Wednesday, May 18, 2022

Learn Along With Werner, part 10: Ko Lute & LSD

When I interviewed Mytee G Poetic not too long ago, he was surprised I was a fellow Jerseyan.  In fact, people often assume, based on my Hip-Hop moniker, that I'm actually an Austrian or German, if not Latverian, who grew up loving Hip-Hop culture from far afield.  In fact, what I don't know about German Hip-Hop, to use an NJ expression*, can just about fit in the Grand Canyon.  But when the opportunity came along, learning more sure sounded like fun.  If you think so, too, why don't you join me?

Up until now, I was only vaguely familiar with LSD, a long-running group that got their start all the way back in the 80s, existing.  I think I heard one or two songs... I used to have a compilation of Hip-Hop from around the world, with one song from each country, where the USA's crew was De La Soul Does anybody remember this?  I looked and it's not on discogs.  Anyway, I think LSD might've been on there.  I've definitely heard one or two of their early songs, but that's it.

So LSD stands for Legally Spread Dope, it's a 4-man group consisting of lead MC (and later producer) V.O.C. Ko Lute, producer Future Rock, DJs Rick Ski a.k.a. Black Vinyl Master and Defcon.  They released their first 12" in 1989, "Competent," and the full-length Watch For the Third Rail followed in 1991.

A major potential concern right off the bat with exploring any German rap is the language barrier, but happily everything we're about to look at, apart from the rare vocal sample, is entirely English-friendly.  With that said, though, I should probably give a quick warning about accents.  Ko Lute and co. aren't hard to understand... or, well sometimes actually yes, but less so once you've trained your ear to recognize words even when they don't stress the expected syllable.  And no, our guy doesn't sound like Colonel Klink or anything; but I've had enough schoolyard debates about rap music to know that a lot of state-side listeners would tune out as soon as they heard the non-native voice.  So to the stubborn stick-in-the-mud traditionalists - it's cool; you know who you are - just bear that in mind before I talk you into investing in a ton of these records.  But there's no way even the staunchest of you could deny this incredible production.

The projects I'm looking at today can be pretty cleanly divided into three eras, starting with Third Rail that contains most of their late 80s and early 90s material.  It has exactly the kind of sound you hope for when discovering something new from that time period.  You'll recognize a couple samples on this one... "Change the System" uses the same main loop as 2nd II None's classic "Be True To Yourself."  And "Watch This Event" uses the Soul Searchers sample made famous in TDS Mob's "Dope For the Folks," though in this case they add some extra spice with new sax.  Yeah, one really interesting note is that several of the songs feature live saxophone, you know, like Mix Master Spade's "Sexy Lady."  Most of it's done by their own guy, Martin "Junkie" Adrian, but "Watch" features Maceo Parker!  But most samples you won't recognize, or if you do, they'll just be little pieces or classic vocal samples used to concoct tight, original compositions.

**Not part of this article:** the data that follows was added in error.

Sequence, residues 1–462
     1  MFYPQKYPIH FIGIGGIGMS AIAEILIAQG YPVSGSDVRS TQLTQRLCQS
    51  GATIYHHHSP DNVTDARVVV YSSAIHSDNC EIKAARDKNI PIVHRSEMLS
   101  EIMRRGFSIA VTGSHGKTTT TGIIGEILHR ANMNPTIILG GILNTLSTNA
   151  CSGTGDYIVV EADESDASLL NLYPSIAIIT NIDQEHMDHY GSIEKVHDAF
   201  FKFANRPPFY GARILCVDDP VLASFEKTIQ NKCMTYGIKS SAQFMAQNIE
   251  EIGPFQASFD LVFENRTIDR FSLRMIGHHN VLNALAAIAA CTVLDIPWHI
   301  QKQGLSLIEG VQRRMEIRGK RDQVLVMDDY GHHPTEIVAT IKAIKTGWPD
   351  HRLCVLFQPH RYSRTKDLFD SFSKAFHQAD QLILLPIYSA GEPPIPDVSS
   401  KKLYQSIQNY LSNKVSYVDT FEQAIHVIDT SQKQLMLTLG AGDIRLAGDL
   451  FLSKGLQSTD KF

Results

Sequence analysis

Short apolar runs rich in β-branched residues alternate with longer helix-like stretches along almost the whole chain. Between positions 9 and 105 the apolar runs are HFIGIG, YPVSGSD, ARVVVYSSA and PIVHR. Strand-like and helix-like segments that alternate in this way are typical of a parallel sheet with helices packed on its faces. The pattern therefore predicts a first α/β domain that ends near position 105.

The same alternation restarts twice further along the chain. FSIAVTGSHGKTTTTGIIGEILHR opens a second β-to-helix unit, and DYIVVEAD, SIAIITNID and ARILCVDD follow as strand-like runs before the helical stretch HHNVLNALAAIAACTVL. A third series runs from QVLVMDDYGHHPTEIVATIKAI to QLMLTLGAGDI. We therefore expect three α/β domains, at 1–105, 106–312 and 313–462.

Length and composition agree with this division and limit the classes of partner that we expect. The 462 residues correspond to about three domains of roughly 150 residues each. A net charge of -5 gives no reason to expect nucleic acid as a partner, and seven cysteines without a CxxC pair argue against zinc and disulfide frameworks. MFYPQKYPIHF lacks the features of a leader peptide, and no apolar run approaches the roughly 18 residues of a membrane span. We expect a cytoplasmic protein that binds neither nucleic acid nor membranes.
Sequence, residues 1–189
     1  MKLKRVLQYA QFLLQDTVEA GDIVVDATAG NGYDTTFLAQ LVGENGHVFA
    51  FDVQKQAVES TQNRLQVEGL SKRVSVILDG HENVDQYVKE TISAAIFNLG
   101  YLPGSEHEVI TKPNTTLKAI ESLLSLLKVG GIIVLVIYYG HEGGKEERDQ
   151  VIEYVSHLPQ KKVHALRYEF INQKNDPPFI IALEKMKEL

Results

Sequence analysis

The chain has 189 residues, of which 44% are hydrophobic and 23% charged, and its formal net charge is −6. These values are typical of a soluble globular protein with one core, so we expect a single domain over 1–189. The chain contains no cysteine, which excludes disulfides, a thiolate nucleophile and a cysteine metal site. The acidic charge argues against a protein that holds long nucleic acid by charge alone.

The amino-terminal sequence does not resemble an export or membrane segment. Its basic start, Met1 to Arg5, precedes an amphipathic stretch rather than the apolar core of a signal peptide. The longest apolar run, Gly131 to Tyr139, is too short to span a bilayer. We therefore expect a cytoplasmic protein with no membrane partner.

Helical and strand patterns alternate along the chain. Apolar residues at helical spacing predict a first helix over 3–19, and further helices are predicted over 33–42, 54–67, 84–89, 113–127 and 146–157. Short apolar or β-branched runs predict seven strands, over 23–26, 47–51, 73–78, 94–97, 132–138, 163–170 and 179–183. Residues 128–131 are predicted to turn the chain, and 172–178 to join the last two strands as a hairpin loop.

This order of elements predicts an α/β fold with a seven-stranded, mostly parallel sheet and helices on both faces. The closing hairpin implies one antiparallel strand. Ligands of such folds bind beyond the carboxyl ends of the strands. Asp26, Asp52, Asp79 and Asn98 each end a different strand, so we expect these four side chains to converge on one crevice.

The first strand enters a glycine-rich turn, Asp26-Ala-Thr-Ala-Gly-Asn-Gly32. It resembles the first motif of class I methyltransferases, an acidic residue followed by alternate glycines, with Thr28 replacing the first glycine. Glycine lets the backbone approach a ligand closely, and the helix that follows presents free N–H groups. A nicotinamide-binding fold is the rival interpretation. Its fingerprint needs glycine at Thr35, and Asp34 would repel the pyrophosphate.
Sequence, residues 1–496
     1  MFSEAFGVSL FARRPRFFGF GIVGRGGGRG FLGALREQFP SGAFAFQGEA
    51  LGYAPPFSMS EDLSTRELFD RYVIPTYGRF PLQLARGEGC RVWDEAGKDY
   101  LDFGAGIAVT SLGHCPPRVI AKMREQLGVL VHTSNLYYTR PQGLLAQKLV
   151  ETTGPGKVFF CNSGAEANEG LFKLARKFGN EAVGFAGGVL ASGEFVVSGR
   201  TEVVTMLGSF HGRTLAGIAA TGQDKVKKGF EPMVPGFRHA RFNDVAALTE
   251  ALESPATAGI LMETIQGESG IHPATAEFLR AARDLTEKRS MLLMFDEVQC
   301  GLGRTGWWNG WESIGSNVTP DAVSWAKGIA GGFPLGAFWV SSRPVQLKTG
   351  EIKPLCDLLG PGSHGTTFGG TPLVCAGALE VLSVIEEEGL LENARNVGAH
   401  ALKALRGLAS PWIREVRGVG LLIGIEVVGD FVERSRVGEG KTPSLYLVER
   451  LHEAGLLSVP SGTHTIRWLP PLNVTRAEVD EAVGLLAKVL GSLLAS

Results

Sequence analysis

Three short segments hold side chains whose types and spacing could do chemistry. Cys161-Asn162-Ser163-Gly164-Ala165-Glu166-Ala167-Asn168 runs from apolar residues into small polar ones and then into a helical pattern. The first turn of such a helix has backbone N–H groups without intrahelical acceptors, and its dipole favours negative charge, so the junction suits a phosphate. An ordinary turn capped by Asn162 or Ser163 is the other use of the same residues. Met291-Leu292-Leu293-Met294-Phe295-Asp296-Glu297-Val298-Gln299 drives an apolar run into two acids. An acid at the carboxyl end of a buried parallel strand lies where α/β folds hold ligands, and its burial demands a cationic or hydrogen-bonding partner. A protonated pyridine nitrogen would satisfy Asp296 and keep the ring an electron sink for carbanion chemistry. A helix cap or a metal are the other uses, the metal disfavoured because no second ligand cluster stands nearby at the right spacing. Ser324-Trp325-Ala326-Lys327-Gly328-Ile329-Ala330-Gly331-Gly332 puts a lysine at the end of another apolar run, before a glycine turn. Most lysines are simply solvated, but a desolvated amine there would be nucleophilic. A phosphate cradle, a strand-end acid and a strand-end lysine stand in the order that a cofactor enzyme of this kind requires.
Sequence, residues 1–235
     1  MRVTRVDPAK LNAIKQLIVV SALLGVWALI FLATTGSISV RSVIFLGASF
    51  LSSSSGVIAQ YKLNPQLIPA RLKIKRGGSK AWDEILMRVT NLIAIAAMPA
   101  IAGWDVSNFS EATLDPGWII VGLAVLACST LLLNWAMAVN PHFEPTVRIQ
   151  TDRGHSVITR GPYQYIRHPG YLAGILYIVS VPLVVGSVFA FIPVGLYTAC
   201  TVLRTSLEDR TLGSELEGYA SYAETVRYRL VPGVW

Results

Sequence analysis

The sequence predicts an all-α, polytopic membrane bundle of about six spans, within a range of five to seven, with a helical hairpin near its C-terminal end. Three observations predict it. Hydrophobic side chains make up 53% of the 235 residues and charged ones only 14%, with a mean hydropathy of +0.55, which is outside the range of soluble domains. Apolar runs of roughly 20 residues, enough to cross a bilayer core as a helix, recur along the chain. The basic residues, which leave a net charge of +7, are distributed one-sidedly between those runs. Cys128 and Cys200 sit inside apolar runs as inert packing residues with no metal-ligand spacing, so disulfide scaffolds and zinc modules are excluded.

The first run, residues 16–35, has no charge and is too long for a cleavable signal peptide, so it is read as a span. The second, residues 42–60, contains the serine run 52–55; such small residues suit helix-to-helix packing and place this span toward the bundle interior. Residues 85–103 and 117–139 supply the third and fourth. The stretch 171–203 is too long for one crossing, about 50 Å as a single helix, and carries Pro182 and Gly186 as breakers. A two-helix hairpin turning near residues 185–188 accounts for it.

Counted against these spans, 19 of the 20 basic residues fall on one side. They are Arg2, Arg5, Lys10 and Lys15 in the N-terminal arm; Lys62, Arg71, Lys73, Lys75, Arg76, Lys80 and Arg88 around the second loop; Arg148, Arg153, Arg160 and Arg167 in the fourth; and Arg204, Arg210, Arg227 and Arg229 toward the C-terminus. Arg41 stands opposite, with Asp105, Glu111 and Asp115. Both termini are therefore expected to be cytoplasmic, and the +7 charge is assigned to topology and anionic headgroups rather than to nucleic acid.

The bio in their first CD booklet cites The Bomb Squad and Ced Gee as key inspirations, but I've been around too long to get excited over that kind of thing.  Too many artists wind up just duplicating superficial trademarks or make sloppy sound-alike tracks.  But these guys have their own sound, that's at once polished and raw, an action-packed collage of top choice samples and killer scratching, intricate and carefully constructed.

So Watch For the Third Rail was released on CD and LP on Rhythm Attack Productions in 1991, but I referred to it containing "most of their late 80s/ early 90s material" because the version I've got is a 2008 reissue called The Dope Beat Edition 2CD and 2LP on Melting Pot Music.  It adds all the instrumentals, and a bunch of bonus tracks, including several that were originally exclusive to their vinyl singles: the original version of "Competent," their 1991 single "Mind Expansion," "Offense Of the Dope Overlords" from their I Don't Care a Rap EP, etc.

And actually, technically, that '91 EP was their last record.  But they kept making musically separately, and Ko Lute and DJ Defcon continued to work together as LSD Proton.  They had an EP in '93 followed by a sci-fi themed instrumental album in 1998 entitled The Galactic Adventures of Captain Kolute, surely inspired by Dr. Octagon and the like... though it's worth pointing out this preceded Deltron 3030.  Yeah, Ko Lute's not rapping here, but he's taken up the main production duties.  And there's not much cutting on this one, though Defcon is credited with mixing.  If the cosmic vibes of the production don't sell you enough on the concept, there's a track-by-track story you can read along with in the booklet.  So, when songs like "808 Lightyears From Home" or "Virgins of Zephyr" don't sound as spacey as you might expect, you can read up that it's because Zephyr is the planet Captain Kolute and the crew of his ship, the Heart of Wisdom, stop to look explore where beautiful virgins bask in the suns and ensnare men.  It's like a little opera, apparently made with a comic artist named Tatsuya Sekimoto?  The credits are pretty vague, though they do cite an "Asian story-translation" in the booklet.